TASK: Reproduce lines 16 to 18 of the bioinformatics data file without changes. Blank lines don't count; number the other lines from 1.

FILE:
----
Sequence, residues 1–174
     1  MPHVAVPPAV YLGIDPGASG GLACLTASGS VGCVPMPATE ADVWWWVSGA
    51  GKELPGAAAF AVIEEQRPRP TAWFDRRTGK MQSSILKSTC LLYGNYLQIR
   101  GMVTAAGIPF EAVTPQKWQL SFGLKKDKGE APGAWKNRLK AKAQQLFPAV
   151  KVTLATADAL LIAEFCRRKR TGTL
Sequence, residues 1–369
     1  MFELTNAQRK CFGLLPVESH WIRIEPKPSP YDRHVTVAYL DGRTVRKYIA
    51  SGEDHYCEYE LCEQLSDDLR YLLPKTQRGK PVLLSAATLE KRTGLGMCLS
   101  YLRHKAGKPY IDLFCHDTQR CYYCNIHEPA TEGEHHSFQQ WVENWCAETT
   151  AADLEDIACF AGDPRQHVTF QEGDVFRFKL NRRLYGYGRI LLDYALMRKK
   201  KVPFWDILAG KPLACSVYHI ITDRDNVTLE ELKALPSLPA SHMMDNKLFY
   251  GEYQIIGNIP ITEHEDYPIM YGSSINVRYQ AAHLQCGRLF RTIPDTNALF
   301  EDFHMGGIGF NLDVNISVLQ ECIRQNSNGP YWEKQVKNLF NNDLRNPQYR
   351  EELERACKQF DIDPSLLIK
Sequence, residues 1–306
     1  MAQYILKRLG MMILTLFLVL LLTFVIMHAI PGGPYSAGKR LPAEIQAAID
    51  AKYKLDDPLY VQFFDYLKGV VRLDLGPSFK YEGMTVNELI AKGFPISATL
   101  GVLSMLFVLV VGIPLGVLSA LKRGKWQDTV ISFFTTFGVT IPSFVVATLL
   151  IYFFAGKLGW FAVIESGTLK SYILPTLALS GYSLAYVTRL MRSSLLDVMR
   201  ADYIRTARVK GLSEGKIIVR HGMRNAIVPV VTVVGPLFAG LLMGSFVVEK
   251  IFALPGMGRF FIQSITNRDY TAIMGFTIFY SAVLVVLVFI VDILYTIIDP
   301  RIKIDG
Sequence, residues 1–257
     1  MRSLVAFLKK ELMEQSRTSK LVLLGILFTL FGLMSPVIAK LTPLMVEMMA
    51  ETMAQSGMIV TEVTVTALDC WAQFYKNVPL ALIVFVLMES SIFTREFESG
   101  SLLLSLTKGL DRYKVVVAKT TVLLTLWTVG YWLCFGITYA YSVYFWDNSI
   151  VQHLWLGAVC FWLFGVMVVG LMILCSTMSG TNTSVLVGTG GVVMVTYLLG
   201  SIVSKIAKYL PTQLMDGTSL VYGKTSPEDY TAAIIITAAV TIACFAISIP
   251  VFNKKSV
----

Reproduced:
     1  MAQYILKRLG MMILTLFLVL LLTFVIMHAI PGGPYSAGKR LPAEIQAAID
    51  AKYKLDDPLY VQFFDYLKGV VRLDLGPSFK YEGMTVNELI AKGFPISATL
   101  GVLSMLFVLV VGIPLGVLSA LKRGKWQDTV ISFFTTFGVT IPSFVVATLL